Family-Focused SUV Face-Off
Chris Woodyard USA TODAY
The new “family car” star of the auto showroom is technically not a car. It’s a compact crossover SUV.
Sales are booming for small-to-midsize vehicles that have the space of a truck but the driving ease and lighter weight of a car. They are roomy but not gargantuan. Engines are peppy but not guzzlers.
“Small crossovers are becoming the new family car,” says Alexander Edwards, president of consulting firm Strategic Vision. “With strong styling cues and added innovative features … it is definitely a segment of vehicles here to stay and one that will continue to grow.”
That’s why we picked the segment for our latest family-focused vehicle showdown:the $29,000 SUV Shootout, sponsored by auto information site Cars.com, USA TODAY and PBS’ MotorWeek automotive magazine program.
The testing by experts and a family aimed to see which compact crossover offers the best value — the best package of convenience, features and performance at a price within reach of middle-class families of no more than $29,000.
That’s a higher window sticker than a typical midsize sedan, but families seem to be voting with their wallets for the added space and features.
The scoring was tight, but the top scorer was the 2011 Chevrolet Equinox, followed by the Dodge Journey, Kia Sportage, Subaru Forester, Hyundai Tucson, Honda CR-V, Nissan Rogue, Ford Escape and Toyota RAV4.
General Motors says compact crossover sales industry-wide rose 74% last year. The segment’s best seller, the CR-V, has broken into the top 10 U.S. sales list over the past few months. Crossovers overall have risen in sales share from 14.2% in 2007 to 21.2% last year, IHS Automotive says.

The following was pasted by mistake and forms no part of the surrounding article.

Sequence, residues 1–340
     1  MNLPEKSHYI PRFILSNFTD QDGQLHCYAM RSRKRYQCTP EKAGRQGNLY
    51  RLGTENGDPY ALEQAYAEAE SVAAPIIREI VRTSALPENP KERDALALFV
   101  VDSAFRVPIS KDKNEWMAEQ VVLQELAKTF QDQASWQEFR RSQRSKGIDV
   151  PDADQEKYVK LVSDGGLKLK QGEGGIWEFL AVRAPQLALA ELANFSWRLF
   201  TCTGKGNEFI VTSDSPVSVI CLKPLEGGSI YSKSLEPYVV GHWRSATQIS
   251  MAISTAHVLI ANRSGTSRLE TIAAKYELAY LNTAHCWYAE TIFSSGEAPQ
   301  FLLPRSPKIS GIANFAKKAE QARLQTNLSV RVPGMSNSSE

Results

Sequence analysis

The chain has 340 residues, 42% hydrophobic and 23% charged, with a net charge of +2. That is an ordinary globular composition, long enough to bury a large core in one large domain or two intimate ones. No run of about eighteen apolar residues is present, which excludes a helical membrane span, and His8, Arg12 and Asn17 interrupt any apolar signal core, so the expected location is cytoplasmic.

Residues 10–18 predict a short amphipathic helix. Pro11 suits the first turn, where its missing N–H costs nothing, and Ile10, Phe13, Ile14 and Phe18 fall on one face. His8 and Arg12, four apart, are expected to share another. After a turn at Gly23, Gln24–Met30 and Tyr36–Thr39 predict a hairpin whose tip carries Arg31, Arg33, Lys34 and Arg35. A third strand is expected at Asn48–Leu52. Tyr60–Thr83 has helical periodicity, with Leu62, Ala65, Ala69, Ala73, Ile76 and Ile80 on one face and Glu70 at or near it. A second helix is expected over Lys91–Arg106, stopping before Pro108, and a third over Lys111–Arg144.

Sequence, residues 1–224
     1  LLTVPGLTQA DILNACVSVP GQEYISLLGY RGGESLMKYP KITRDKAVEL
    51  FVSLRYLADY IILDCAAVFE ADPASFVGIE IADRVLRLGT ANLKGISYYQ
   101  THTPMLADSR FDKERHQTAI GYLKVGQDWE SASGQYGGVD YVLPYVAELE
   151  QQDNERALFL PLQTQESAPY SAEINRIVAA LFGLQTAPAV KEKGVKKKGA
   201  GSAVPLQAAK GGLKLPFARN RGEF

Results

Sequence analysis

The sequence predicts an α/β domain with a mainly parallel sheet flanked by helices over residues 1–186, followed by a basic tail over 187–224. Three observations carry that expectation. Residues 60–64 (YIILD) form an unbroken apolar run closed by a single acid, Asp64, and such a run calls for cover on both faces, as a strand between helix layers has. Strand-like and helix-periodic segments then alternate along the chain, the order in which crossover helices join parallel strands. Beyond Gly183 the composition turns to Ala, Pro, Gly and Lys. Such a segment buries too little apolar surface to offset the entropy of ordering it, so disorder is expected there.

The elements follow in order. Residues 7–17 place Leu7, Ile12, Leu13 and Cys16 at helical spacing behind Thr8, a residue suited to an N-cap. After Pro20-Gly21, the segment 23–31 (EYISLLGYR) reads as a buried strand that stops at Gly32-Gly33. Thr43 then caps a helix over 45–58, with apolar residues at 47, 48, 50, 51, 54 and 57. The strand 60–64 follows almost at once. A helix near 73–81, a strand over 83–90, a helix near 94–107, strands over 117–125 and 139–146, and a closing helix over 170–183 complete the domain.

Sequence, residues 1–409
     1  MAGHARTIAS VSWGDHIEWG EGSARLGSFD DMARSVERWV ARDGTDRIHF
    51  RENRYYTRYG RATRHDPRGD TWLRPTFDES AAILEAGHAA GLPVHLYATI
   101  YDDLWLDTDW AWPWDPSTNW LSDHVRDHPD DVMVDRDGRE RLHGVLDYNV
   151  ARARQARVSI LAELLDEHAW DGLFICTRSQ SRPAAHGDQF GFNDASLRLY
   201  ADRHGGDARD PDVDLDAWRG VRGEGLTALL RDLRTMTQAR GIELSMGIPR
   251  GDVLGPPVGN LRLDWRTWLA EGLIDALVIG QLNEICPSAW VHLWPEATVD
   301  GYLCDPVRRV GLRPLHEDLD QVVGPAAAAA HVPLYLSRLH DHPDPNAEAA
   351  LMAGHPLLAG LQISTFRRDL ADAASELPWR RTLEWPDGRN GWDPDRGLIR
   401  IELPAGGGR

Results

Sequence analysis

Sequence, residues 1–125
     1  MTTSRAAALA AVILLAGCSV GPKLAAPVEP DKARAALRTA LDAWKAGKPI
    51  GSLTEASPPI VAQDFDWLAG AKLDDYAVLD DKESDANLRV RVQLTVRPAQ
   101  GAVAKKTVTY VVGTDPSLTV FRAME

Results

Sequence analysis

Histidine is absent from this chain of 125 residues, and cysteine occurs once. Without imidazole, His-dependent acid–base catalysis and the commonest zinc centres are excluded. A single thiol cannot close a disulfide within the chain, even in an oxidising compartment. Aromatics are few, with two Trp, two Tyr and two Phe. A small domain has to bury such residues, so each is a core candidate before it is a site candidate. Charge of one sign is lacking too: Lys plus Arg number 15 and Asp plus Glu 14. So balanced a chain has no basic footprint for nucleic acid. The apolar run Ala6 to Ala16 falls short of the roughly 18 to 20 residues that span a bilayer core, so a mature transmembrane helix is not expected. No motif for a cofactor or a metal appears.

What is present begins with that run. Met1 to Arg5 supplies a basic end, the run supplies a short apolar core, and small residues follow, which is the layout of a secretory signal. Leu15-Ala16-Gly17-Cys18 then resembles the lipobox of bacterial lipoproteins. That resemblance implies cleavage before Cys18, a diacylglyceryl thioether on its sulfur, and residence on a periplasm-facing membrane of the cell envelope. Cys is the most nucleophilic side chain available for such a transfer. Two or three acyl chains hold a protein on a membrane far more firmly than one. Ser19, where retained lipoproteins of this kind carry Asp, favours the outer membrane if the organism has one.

“The vehicle itself is what Americans are looking for because they can carry people, carry stuff, have good visibility and versatility,” says Charlie Vogelheim, executive editor for IntelliChoice.com.
Surprisingly, at that price they came with a variety of family-friendly features previously found only on larger vehicles. Many had backup cameras. Four had back-seat DVD systems for kids.
Because they weigh less than traditional SUVs, smaller crossovers don’t need big power. Eight of the nine crossovers tested had four-cylinder engines.
In 145 miles of highway driving, CR-V and Tucson tied for best fuel economy at 28.8 mpg on their trip computers. Sportage was last but still tallied a respectable 26.6 mpg.